In part two of LWT Literary Manager Christine Scarfuto’s interview with Lewiston playwright Samuel D. Hunter, she inquires about how the playwright’s characters are effected by the false mythology of Lewis and Clark and a lost sense of discovery in American lives today.
Q: In Lewiston, the central character tries to imagine what it felt like to set foot on this land in the far west of America for the very first time, and it gives her a real sense of wonder. How have we as a country lost that sense of discovery? Does that loss have anything to do the false mythology surrounding Lewis and Clark’s discovery to begin with, as the land was occupied well before they “discovered it”?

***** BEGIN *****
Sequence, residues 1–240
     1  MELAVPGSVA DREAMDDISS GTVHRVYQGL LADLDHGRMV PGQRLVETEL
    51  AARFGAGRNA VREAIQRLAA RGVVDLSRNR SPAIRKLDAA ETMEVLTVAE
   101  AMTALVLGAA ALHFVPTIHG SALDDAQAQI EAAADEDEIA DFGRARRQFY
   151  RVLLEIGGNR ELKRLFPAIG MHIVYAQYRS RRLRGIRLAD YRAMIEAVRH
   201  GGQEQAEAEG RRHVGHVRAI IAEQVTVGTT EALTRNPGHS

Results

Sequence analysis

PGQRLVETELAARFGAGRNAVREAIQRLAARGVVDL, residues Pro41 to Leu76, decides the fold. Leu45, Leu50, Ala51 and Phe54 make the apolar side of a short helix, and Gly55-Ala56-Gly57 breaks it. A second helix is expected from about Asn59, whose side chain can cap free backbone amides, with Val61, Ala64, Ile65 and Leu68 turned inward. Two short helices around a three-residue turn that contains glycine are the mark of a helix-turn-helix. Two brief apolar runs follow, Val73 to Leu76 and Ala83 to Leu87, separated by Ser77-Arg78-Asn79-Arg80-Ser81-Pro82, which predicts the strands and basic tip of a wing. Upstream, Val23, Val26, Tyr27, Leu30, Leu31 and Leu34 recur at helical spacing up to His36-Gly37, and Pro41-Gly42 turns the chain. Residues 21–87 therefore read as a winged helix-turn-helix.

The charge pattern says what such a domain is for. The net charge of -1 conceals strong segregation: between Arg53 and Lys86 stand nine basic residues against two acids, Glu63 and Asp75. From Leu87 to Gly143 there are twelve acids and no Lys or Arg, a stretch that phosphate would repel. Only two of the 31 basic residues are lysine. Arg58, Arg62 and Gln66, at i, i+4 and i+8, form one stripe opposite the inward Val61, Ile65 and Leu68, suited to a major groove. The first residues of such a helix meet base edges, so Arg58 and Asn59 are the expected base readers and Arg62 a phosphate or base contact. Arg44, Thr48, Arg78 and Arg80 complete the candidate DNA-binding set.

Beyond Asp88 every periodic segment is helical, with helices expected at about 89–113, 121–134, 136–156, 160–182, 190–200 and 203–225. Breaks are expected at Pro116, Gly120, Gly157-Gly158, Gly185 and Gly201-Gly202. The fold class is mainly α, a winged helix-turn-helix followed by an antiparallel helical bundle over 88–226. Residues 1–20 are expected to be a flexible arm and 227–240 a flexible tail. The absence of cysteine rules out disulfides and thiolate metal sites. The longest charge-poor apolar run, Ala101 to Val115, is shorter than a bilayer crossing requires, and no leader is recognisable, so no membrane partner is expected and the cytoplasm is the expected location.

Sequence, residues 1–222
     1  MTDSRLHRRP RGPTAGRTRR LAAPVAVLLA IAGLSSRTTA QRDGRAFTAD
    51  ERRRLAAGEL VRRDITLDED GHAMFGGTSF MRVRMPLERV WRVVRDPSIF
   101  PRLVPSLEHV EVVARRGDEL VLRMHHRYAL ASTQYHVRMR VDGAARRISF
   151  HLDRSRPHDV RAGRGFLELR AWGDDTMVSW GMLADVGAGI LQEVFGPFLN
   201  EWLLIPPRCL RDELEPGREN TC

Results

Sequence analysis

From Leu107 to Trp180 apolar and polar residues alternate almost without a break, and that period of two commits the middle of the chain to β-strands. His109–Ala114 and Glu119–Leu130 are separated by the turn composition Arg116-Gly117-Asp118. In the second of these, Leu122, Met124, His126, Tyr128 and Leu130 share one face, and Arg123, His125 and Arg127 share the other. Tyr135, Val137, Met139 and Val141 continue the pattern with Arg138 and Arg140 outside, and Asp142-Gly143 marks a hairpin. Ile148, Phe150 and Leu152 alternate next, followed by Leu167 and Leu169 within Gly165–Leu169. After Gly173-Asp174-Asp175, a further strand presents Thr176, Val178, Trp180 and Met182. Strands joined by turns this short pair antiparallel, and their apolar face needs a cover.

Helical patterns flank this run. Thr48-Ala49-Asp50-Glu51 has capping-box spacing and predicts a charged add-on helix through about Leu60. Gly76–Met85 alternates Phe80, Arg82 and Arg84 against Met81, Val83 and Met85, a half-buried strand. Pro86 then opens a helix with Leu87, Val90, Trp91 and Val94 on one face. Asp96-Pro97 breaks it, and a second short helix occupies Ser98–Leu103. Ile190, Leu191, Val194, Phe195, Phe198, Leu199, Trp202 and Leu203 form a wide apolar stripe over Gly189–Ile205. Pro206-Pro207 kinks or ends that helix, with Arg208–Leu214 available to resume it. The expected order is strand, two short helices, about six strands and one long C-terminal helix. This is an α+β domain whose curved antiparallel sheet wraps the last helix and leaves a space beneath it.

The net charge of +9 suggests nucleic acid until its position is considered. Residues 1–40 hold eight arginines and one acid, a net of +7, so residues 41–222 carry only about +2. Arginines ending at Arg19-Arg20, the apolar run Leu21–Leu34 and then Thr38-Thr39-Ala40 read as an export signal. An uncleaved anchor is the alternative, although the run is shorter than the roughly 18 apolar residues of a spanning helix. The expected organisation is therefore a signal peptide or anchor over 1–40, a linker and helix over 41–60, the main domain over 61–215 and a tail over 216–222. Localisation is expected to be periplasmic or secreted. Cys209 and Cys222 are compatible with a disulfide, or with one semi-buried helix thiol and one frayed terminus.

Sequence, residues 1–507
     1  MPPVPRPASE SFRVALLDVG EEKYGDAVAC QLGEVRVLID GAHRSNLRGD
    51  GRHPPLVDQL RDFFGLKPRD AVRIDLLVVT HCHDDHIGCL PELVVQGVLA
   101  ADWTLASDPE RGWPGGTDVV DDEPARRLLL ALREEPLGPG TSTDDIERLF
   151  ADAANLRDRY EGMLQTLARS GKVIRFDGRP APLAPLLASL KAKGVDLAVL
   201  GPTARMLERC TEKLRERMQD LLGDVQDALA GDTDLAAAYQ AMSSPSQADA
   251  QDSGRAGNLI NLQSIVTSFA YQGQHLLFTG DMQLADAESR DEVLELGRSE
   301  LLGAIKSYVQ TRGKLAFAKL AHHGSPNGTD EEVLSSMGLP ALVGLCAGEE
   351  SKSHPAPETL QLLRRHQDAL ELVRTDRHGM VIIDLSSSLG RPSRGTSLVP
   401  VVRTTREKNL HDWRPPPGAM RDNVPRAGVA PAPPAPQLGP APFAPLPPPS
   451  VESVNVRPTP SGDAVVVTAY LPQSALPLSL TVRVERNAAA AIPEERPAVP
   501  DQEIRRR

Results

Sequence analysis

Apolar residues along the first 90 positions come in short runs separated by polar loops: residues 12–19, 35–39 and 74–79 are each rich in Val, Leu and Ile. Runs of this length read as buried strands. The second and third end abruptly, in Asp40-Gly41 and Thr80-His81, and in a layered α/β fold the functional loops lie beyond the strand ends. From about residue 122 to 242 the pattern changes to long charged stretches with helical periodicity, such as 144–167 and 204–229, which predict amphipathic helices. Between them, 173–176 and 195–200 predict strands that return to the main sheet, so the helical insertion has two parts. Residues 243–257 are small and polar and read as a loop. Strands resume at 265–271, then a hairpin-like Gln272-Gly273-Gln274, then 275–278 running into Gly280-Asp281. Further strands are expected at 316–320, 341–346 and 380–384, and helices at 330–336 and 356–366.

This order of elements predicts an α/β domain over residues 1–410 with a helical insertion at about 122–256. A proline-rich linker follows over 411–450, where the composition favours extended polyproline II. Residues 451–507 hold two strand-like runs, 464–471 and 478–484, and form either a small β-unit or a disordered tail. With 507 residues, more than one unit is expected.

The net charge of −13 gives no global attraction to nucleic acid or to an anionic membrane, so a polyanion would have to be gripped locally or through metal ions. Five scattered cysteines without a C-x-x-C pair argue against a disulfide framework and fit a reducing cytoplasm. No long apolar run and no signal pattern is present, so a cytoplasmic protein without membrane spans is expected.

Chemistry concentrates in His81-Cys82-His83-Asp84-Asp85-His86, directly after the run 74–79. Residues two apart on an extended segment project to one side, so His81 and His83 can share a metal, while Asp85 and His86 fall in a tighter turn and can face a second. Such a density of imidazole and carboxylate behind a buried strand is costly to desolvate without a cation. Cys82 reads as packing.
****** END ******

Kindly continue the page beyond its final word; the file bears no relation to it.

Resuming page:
A: Yeah that’s the thing, it’s a false mythology. And a lot of what the characters in both Lewiston and Clarkston are experiencing is the loss of that mythology. They come into the play with almost romantic ideas of who Lewis and Clark were and what they accomplished, but they’re constantly being confronted with the true modern-day legacy of Lewis and Clark. In Clarkston it’s the Costco, in Lewiston it’s this fireworks stand on a patch of land that’s about to be paved over and turned into a condo. But the project of the characters in both plays is to make meaning out of that reality, to find a way to put one foot in front of the other and maintain a sense of forward movement and discovery during a time in which it seems like there’s nothing left to discover.